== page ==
I have had this book pre ordered for months. I cleared my entire month of December to keep it open so I could read this behemoth.
If truth be told, I am not a huge Targaryen fan. I personally prefer the Starks but I was interested in some of the tantalizing questions this book promised to answer.
This book promises to answer what The Doom really was and the source of Daenerys’s dragon eggs.
Spoiler alert, I still don’t feel like I have answers to those questions but I did learn a lot about Westeros and the Targaryen empire.
Centuries before the events of A Game of Thrones, House Targaryen—the only family of dragonlords to survive the Doom of Valyria—took up residence on Dragonstone. Fire and Blood begins their tale with the legendary Aegon the Conqueror, creator of the Iron Throne, and goes on to recount the generations of Targaryens who fought to hold that iconic seat, all the way up to the civil war that nearly tore their dynasty apart.
What really happened during the Dance of the Dragons? Why did it become so deadly to visit Valyria after the Doom? What is the origin of Daenerys’s three dragon eggs? These are but a few of the questions answered in this essential chronicle, as related by a learned maester of the Citadel and featuring more than eighty all-new black-and-white illustrations by artist Doug Wheatley. Readers have glimpsed small parts of this narrative in such volumes as The World of Ice & Fire, but now, for the first time, the full tapestry of Targaryen history is revealed.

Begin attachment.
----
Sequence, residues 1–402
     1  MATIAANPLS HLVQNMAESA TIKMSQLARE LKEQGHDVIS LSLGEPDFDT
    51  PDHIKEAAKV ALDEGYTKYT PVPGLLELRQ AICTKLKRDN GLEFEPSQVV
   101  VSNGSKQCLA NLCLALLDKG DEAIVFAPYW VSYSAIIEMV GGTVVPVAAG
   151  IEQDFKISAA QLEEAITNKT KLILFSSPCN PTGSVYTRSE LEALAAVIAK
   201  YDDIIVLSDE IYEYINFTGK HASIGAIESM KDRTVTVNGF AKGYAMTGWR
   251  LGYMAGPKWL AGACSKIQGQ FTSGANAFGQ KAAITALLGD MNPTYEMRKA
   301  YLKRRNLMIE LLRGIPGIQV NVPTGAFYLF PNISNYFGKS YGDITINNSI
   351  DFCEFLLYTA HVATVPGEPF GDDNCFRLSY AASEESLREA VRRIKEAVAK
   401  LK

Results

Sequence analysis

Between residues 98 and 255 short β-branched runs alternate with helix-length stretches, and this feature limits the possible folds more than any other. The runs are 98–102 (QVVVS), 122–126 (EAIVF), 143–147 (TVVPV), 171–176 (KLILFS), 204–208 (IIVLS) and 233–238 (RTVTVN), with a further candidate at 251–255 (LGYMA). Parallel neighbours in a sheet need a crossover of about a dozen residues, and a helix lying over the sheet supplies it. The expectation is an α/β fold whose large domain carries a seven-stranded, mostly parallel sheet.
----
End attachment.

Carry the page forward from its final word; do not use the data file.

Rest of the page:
With all the scope and grandeur of Gibbon’s The History of the Decline and Fall of the Roman Empire, Fire and Blood is the ultimate game of thrones, giving readers a whole new appreciation for the dynamic, often bloody, and always fascinating history of Westeros (summary from Goodreads).
Try as I might, I could not keep every one straight. Westerosi history can be so convoluted and confusing, but for the most part I’ve kept pretty up to date on the family lines etc. However, the Targaryen one always throws me for a loop because of all the inner marrying and way too many Aegon’s.
I did pretty good up until the Dance of Dragons in this lengthy history book. I thought Martin did an excellent job trying to keep a very complicated history not only interesting but also understandable. This book does NOT read like the typical ASOIAF books, it does in fact read more like a history book but it’s way more exciting than any history book I’ve read recently.
There is a lot of ground to cover in this book and a lot of characters to focus on. I was disappointed that this book is only part one of two. I was hoping that it would take us all the way up to Robert’s Rebellion but sadly we will have to wait to get all the juicy details until the original series is finished I would guess.
I thought it was fairly easy reading with an interesting subject (Westeros is anything but dull) but after a while all the treason, marrying, killing, and political problems became overwhelming. I loved reading about King Jaehaerys and his sister queen, Alysanne. I thought Alysanne’s visit to The Wall offered a lot of intriguing possibilities for the rest of the books.
I also loved learning about the swords Blackfyre and Dark Sister. I think that learning the history of these blades will somehow play a role in future books.
Even though this book isn’t the long awaited book in the ASOIAF series, The Winds of Winter, but I thought it gave readers a little teaser for what is to come in the future book. I also hope that GRRM will write a book similar to this about the Starks. I think the Starks and the Targaryen’s arguably offer the most interesting and important histories in Westeros for the period in which the ASOIAF books are written.